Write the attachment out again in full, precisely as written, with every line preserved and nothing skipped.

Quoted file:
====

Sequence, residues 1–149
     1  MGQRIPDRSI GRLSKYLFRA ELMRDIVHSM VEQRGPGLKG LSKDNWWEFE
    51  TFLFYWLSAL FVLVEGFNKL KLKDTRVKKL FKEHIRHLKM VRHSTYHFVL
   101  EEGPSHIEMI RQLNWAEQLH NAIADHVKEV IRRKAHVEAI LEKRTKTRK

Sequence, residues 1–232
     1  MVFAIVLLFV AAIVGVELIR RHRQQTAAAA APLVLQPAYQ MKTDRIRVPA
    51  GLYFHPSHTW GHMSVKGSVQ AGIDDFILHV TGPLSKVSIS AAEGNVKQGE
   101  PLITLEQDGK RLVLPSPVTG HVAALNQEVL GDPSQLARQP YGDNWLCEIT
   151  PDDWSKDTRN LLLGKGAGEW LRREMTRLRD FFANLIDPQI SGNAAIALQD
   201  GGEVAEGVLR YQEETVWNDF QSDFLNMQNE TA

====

Sequence, residues 1–149
     1  MGQRIPDRSI GRLSKYLFRA ELMRDIVHSM VEQRGPGLKG LSKDNWWEFE
    51  TFLFYWLSAL FVLVEGFNKL KLKDTRVKKL FKEHIRHLKM VRHSTYHFVL
   101  EEGPSHIEMI RQLNWAEQLH NAIADHVKEV IRRKAHVEAI LEKRTKTRK

Sequence, residues 1–232
     1  MVFAIVLLFV AAIVGVELIR RHRQQTAAAA APLVLQPAYQ MKTDRIRVPA
    51  GLYFHPSHTW GHMSVKGSVQ AGIDDFILHV TGPLSKVSIS AAEGNVKQGE
   101  PLITLEQDGK RLVLPSPVTG HVAALNQEVL GDPSQLARQP YGDNWLCEIT
   151  PDDWSKDTRN LLLGKGAGEW LRREMTRLRD FFANLIDPQI SGNAAIALQD
   201  GGEVAEGVLR YQEETVWNDF QSDFLNMQNE TA